Spousal Impoverishment Protections for Medicaid Home Care Allow Well Spouses to Keep Ill Spouses at Home:
Don’t Let Them Expire on March 31, 2019!
Well Spouses and their Ill Spouses Often Want the Ill Spouse to Remain at Home. Home and community-based services (HCBS) enable Medicaid beneficiaries with serious disabilities and/or cognitive impairment to improve and maintain their health and quality of life while remaining in their homes, where most people prefer to be, rather than in nursing homes or other institutional settings. In addition to being the preferred choice for many Well and Ill Spouses, importantly, home care also costs Medicaid less on average than institutionalization.
Overview of Spousal Impoverishment Protections
Thirty years ago, Congress created protections to prevent Well Spouses from depleting all financial resources due to their Ill Spouses’ need for long-term services and supports (LTSS). Federal law guarantees financial protections for Well Spouses of nursing home residents with Medicaid. According to the National Academy of Elder Law Attorneys (NAELA), these “spousal impoverishment” protections include:
- Community Spouse Resource Allowance (CSRA). The CSRA is a modest allowance of savings (apart from a house and a few other items) that federal law mandates the community spouse (the partner of a Medicaid applicant) can keep for basic living and health expenses, while still enabling their Ill Spouse to qualify for Medicaid benefits. The CSRA is based on a couple’s resources on the date of admission to an institution. While the institutionalized spouse is allowed no more than $2,000 in savings to qualify for Medicaid in most states, in 2019, the minimum a state may allow a community spouse to retain is $25,284 and the maximum is $126,420. Within this range, most states require a split for Medicaid eligibility, so for a couple with $100,000 in resources as of the onset of the continuous need for long-term care, the community spouse is permitted to keep $50,000.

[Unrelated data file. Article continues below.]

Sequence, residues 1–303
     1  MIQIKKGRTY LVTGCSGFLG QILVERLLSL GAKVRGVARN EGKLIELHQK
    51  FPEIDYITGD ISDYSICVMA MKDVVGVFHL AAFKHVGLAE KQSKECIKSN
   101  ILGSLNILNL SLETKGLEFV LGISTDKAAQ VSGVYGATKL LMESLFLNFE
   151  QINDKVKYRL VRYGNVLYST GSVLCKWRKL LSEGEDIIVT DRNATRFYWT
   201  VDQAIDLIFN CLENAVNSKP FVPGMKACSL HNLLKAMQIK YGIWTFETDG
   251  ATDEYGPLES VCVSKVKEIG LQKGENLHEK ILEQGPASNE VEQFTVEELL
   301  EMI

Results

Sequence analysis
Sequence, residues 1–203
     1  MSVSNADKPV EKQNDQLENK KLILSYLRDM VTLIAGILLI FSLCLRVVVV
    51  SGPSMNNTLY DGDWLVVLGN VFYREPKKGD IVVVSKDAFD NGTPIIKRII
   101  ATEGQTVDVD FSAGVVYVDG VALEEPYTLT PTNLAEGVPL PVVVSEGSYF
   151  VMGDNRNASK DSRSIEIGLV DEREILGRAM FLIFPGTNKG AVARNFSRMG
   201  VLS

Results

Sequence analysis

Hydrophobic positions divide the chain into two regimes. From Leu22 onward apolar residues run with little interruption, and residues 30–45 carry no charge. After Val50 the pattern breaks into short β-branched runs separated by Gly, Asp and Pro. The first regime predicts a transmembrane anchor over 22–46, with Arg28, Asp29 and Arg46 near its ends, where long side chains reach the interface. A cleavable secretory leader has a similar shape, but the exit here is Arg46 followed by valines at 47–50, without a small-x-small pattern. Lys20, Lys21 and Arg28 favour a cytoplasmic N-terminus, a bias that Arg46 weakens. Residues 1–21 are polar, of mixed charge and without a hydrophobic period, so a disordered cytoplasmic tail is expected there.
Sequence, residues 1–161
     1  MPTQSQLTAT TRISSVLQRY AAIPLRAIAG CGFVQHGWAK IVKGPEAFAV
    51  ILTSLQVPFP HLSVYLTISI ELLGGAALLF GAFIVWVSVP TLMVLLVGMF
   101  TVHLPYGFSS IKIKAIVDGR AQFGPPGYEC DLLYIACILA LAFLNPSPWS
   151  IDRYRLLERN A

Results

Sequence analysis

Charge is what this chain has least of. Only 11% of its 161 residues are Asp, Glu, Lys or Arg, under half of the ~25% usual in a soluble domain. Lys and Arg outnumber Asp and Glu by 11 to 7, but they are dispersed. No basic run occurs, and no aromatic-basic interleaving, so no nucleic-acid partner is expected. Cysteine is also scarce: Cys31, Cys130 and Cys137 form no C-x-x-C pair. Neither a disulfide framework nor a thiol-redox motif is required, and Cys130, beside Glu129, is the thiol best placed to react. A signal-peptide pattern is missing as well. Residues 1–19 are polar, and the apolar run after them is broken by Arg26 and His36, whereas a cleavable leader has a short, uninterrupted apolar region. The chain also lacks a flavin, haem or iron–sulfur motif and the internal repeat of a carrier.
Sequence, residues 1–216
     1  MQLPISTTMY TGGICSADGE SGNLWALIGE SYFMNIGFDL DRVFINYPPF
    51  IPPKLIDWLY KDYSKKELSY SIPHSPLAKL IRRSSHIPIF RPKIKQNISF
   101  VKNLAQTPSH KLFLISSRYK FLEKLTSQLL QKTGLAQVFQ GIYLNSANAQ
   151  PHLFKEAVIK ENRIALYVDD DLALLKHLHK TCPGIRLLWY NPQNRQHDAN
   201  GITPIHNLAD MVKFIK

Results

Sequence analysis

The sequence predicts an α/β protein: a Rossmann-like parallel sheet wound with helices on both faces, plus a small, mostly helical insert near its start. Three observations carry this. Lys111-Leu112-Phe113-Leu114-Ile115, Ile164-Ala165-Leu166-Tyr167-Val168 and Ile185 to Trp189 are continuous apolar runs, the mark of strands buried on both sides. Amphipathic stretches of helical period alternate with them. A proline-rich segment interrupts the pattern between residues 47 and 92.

- Exclusion of a Community Spouse’s Income. To be eligible for Medicaid, certain income and asset limits must be met. Medicaid does not count the community spouse’s income when determining whether the institutionalized spouse is eligible for Medicaid. This allows the Well Spouse to continue to work and earn to support other family members and their own retirement needs.
- Minimum Monthly Needs Allowance (MMNA). The Community Spouse is also entitled to a MMMNA, which in 2019 ranges from $2,057.50 to $3,160.50 a month, depending on the state. If the Community Spouse’s income is below the MMMNA limit, the Institutionalized Spouse’s income can be used to supplement the difference.
In 2010 Congress passed legislation extending the impoverishment protections that exist for Well Spouses of Medicaid nursing home residents to Well Spouses of Medicaid beneficiaries who receive home care—for the five years from 2014 through 2018. In January 2019, Congress extended the home care protections through March 31, 2019, while it works to find a long-term solution.
Ending Mandated Spousal Protections for Home Care Could Cause More Unnecessary Institutionalization.
Providing impoverishment protections for Well Spouses of Ill Spouses who receive care at home rather than in an institution makes it possible for families to remain together. If forced to choose between depleting all family resources to pay out of pocket for home care or placing an Ill Spouse in an institution to save their family from financial ruin, many families will choose the latter even if the Ill Spouse could safely remain at home—and even though home care costs Medicaid less than nursing home care. Congress must act now to prevent Well Spouses from being forced to choose between impoverishment and premature unwanted placement of their Ill Spouse in a nursing home. We urge Congress to make home care (HCBS) anti-impoverishment protections for Well Spouses a permanent feature of the Medicaid program before they expire on March 31, 2019.